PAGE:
Friday, June 28, 2013
Author: Meg Cabot
Who Should Read It? People willing to put away their serious for a minute and read Meg Cabot doing a romantic comedy esque social commentary on vampires. I can see it not being for everyone, but I thought it was fabulous!
What I Have to Say:
It's really hard for me to review Meg Cabot books for many reasons. First, because I just love her, and in my mind, she can do no wrong. So, even if she does do wrong (which, I'll admit, she maybe did a little bit in this one), I just don't notice, or at least don't want to admit it. Second, because I just want to gush and squeal and say the same thing about EVERY SINGLE ONE of her books.
And that same thing is - Meg Cabot has done it again!
While Insatiable in no way takes a fresh, new, or exciting look at vampires, it did manage to be adorable and make me forget that, ultimately, I am SO OVER vampires (though with the books I've been reviewing lately, you might not know it). Cabot herself seems to know that there is WAY TOO MUCH vampire out there lately, and through snarky, sees-when-people-are-going-to-die Meena, her can't-seem-to-get-it-together brother John, and the ever so hot Lucien Antonescu, she actually seems to be making fun of the fact that she caved and wrote a vampire book.
All of her characters are fun and quirky and lovable, with slight personality disorders, which just makes them even more lovable. the romance is sickening and sappy while at the same time making fun of sickening and sappy. The plot is completely over the top, but researched in such a way that you're like "Oh yeah," and you suddenly find yourself believing in vampires and dragons and crazy when none of the other vampire books you've read ever made you feel that way. And then you laugh at yourself because you fell for the extreme.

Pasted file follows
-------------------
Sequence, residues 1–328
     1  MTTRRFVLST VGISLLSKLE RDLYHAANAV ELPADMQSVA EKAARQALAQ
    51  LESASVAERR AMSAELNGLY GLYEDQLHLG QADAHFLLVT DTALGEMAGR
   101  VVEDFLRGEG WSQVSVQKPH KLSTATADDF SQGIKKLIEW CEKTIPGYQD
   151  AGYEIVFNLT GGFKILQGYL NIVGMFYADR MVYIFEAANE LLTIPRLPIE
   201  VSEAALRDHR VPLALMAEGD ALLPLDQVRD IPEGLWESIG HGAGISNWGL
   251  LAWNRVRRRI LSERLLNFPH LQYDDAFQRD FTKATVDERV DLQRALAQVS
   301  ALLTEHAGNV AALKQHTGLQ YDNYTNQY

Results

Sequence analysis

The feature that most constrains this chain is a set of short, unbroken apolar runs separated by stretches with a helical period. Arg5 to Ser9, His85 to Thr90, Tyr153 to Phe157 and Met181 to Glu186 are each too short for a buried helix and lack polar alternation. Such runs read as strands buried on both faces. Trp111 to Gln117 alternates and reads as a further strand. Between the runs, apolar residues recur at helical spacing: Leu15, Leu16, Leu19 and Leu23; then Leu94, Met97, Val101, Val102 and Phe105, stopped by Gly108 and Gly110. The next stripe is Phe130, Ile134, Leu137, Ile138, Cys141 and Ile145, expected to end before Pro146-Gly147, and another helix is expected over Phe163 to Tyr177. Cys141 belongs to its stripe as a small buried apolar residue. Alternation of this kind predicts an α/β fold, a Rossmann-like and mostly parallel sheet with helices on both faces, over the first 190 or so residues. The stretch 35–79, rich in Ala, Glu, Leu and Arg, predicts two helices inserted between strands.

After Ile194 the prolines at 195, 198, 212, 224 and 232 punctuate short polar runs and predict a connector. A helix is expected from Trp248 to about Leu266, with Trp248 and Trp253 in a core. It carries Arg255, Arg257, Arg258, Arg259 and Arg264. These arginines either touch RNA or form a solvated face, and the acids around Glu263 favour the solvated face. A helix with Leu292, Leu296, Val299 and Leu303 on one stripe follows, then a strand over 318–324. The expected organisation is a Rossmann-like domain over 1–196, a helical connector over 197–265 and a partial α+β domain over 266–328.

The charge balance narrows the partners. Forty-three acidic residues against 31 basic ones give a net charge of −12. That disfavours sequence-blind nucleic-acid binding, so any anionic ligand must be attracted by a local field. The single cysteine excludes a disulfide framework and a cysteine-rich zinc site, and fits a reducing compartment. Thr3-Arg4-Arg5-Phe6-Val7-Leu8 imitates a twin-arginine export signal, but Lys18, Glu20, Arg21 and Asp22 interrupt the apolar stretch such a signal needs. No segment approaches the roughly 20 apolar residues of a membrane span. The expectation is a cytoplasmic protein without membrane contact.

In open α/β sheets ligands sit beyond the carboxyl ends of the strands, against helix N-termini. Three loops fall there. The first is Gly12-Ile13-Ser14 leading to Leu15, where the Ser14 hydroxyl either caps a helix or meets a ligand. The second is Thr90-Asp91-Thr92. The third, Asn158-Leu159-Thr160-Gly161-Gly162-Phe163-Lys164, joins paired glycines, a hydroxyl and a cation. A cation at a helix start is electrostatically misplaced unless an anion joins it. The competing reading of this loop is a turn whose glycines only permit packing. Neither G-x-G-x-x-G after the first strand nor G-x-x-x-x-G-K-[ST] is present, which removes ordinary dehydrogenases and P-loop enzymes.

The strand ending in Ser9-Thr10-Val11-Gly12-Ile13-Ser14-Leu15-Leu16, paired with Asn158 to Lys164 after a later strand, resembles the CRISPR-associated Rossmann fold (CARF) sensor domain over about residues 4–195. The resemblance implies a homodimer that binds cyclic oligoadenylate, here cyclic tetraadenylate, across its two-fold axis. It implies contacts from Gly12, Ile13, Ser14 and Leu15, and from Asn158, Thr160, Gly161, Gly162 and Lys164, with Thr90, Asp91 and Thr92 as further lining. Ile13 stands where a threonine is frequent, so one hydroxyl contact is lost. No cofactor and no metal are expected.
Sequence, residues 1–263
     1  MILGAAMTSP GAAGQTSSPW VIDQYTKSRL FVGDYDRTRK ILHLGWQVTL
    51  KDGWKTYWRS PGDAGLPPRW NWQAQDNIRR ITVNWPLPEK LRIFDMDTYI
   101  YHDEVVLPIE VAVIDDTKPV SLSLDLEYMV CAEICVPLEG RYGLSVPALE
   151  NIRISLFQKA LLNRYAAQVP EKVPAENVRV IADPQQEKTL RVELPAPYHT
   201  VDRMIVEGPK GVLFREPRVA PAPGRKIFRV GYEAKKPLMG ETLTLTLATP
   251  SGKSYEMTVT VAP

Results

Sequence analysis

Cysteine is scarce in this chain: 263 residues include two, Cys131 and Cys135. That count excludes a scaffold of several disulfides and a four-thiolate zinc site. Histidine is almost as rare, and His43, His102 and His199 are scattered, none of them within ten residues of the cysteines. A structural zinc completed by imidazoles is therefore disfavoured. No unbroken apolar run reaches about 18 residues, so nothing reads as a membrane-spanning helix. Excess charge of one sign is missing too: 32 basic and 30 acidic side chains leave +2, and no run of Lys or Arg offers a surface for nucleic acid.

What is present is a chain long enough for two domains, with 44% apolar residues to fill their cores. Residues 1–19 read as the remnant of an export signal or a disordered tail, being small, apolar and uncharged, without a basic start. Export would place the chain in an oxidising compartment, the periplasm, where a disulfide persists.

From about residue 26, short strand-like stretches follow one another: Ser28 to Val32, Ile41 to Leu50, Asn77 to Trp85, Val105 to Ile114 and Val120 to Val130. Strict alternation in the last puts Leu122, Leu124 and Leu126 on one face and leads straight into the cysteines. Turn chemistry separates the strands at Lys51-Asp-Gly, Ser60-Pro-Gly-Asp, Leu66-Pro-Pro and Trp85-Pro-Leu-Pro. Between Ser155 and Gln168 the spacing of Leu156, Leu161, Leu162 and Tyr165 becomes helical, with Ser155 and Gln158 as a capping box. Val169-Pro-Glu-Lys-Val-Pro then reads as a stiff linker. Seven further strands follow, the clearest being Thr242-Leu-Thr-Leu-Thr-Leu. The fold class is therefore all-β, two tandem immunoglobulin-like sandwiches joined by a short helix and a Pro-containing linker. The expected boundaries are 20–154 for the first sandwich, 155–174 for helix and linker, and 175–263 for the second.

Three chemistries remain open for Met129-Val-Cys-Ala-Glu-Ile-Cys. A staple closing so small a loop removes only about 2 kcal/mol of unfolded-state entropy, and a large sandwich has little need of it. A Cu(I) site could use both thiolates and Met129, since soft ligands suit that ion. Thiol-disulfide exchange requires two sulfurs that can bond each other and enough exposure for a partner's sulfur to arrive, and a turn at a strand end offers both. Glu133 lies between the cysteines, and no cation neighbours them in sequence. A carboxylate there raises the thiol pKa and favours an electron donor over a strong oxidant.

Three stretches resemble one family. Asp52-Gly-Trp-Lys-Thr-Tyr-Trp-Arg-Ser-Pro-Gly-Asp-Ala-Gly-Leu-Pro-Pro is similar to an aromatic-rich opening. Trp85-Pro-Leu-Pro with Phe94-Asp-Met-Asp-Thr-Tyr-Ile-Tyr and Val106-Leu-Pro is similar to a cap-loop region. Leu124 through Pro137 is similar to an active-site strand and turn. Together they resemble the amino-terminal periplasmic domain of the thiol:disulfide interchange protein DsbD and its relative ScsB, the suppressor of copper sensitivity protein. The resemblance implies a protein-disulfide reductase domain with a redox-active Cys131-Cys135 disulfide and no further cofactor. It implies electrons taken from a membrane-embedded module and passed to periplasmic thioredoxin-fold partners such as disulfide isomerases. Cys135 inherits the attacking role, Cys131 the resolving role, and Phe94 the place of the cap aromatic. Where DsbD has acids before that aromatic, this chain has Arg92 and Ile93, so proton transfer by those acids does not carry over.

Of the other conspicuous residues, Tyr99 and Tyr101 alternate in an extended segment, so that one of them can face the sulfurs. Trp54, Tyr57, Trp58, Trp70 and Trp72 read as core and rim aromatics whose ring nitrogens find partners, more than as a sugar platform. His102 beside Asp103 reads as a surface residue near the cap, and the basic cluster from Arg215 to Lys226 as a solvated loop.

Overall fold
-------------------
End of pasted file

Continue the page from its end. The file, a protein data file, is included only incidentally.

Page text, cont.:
This book is a hilarious social commentary on the vampire craze, and it should be read as such. It's not trying to be serious, but it does seriously kick butt.
Summary:Sick of vampires? So is Meena Harper. But her boss is making her write about them anyway, even though Meena doesn’t believe in them. Not that Meena isn’t familiar with the supernatural. See, Meena Harper knows how you’re going to die (not that you’re going to believe her; no one ever does). But not even Meena’s precognition can prepare her for what happens when she meets—then makes the mistake of falling in love with—Lucien Antonescu, a modern-day prince with a bit of a dark side . . . a dark side a lot of people, like an ancient society of vampire-hunters, would prefer to see him dead for. The problem is, he already is dead. Maybe that’s why he’s the first guy Meena’s ever met that she could see herself having a future with. See, while Meena’s always been able to see everyone else’s future, she’s never been able look into her own. And while Lucien seems like everything Meena has ever dreamed of in a boyfriend, he might turn out to be more like a nightmare. Now might be a good time for Meena to start learning to predict her own future . . . If she even has one.
Cover Story:I just noticed the tattoo. I'm SUPER tired of YA books where the cover girl is missing her head. I wonder if this, too, is supposed to be some kind of social commentary.
Friday, June 21, 2013
Author: Sarah Dessen
Who Should Read It?Sarah Dessen mold: teenage girl with family problems (and thus problems of her own) falls in love with boy off the beaten track and must overcome obstacles to make the romance happen. Sound interesting? Then this book is for you.
What I Have to Say: